| Conclusion|| |
India has made slow but substantial improvement in cancer registration in recent times. However, still a lot remains to be achieved. It faces stiff challenges in ensuring the timeliness and quality of data along with its optimum utilization in the backdrop of a huge population and multiplicity of sources. Keeping the resource constraints in mind for an LMIC like India, we need to make the maximum use of available resources to capture a comparable, clear and broad picture of cancer in India.
Financial support and sponsorship
Conflicts of interest
There are no conflicts of interest.
| References|| |
Global Burden of Disease Cancer Collaboration, Fitzmaurice C, Akinyemiju TF, Al Lami FH, Alam T, Alizadeh-Navaei R, et al.
Global, regional, and national cancer incidence, mortality, years of life lost, years lived with disability, and disability-adjusted life-years for 29 cancer groups, 1990 to 2016: A Systematic analysis for the global burden of disease study. JAMA Oncol 2018;4:1553-68.
Bray F, Ferlay J, Soerjomataram I, Siegel RL, Torre LA, Jemal A. Global cancer statistics 2018: GLOBOCAN estimates of incidence and mortality worldwide for 36 cancers in 185 countries. CA Cancer J Clin 2018;68:394-424.
Takiar R, Nadayil D, Nandakumar A. Projections of number of cancer cases in India (2010-2020) by cancer groups. Asian Pac J Cancer Prev 2010;11:1045-9.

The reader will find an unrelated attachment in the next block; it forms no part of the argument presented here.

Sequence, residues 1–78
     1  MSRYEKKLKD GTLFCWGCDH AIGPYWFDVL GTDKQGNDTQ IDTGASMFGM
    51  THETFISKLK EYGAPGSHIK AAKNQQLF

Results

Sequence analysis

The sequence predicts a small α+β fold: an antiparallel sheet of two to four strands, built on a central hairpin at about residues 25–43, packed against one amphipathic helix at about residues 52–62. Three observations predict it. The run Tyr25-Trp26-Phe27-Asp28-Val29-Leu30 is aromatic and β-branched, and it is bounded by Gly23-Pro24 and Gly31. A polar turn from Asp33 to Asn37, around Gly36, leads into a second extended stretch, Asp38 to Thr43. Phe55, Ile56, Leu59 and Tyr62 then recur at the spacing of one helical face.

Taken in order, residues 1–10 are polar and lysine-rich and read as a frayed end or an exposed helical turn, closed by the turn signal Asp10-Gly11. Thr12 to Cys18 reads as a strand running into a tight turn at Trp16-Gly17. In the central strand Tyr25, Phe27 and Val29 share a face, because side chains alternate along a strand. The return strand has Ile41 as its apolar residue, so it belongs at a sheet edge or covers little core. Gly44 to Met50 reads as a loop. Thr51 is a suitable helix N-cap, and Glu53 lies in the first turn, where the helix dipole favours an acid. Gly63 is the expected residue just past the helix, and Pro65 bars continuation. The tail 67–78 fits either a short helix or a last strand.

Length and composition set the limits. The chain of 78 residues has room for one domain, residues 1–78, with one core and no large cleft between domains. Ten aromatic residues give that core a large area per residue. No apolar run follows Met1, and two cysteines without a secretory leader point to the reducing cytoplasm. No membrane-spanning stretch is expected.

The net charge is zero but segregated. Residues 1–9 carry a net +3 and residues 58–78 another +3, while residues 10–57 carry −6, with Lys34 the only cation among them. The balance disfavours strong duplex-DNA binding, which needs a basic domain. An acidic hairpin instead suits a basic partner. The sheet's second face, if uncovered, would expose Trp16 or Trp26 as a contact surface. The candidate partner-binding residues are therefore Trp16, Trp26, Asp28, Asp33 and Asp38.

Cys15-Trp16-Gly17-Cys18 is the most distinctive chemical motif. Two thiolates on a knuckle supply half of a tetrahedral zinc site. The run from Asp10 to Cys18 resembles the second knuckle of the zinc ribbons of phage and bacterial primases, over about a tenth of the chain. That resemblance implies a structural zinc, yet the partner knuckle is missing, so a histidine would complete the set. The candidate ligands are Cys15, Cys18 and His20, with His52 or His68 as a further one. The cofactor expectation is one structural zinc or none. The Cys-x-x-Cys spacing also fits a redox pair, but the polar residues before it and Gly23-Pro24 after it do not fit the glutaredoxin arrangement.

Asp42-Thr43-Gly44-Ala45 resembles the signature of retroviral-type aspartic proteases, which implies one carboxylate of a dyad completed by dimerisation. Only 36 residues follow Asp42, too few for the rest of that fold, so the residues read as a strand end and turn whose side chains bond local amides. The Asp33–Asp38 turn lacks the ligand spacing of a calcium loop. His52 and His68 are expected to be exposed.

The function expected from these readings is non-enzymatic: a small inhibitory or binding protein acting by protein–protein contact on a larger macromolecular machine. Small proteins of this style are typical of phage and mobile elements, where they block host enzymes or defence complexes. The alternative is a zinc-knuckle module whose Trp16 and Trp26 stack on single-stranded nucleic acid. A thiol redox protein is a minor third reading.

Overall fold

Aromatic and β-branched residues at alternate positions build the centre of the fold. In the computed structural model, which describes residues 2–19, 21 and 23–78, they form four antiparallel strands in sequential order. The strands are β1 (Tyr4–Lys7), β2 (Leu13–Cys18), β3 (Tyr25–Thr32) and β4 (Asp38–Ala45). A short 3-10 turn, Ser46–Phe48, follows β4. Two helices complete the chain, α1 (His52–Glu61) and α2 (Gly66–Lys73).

Chalkidou K, Marquez P, Dhillon PK, Teerawattananon Y, Anothaisintawee T, Gadelha CA, et al.
Evidence-informed frameworks for cost-effective cancer care and prevention in low, middle, and high-income countries. Lancet Oncol 2014;15:e119-31.
Sivaram S, Majumdar G, Perin D, Nessa A, Broeders M, Lynge E, et al.
Population-based cancer screening programmes in low-income and middle-income countries: Regional consultation of the international cancer screening network in India. Lancet Oncol 2018;19:e113-22.
MacLennan R. Items of patient information which may be collected by registries. In: Cancer Registration: Principles and Methods. Lyon France: International Agency for Research on Cancer; 1991. p. 43-63.
Jedy-Agba EE, Oga EA, Odutola M, Abdullahi YM, Popoola A, Achara P, et al.
Developing national cancer registration in developing countries – Case study of the Nigerian national system of cancer registries. Front Public Health 2015;3:186.
Jussawalla DJ, Deshpande VA. Cancer in Greater Bombay-1964. Mumbai, India: Mumbai Cancer Registry, Indian Cancer Society; 1966.
National Cancer Registry Programme. Code Manual – Hospital Cancer Registry. New Delhi, India: Indian Council of Medical Research; 1987.
Murthy NS, Nandakumar BS, Pruthvish S, George PS, Mathew A. Disability adjusted life years for cancer patients in India. Asian Pac J Cancer Prev 2010;11:633-40.
Dhar M. A critical review of evolution of cancer registration in India. J Tumor Med Prev 2018;2:555594.
Swaminathan R, Rama R, Shanta V. Lack of active follow-up of cancer patients in Chennai, India: Implications for population-based survival estimates. Bull World Health Organ 2008;86:509-15.
Chatterjee S, Chattopadhyay A, Senapati SN, Samanta DR, Elliott L, Loomis D, et al.
Cancer registration in India – Current scenario and future perspectives. Asian Pac J Cancer Prev 2016;17:3687-96.
ICMR. National Centre for Disease Informatics and Research. Three-Year Report of Population Based Cancer Registries 2012-2014 Incidence, Distribution, Trends in Incidence Rates and Projections of Burden of Cancer; 2016.
Rath GK, Gandhi AK. National cancer control and registration program in India. Indian J Med Paediatr Oncol 2014;35:288-90.
] [Full text]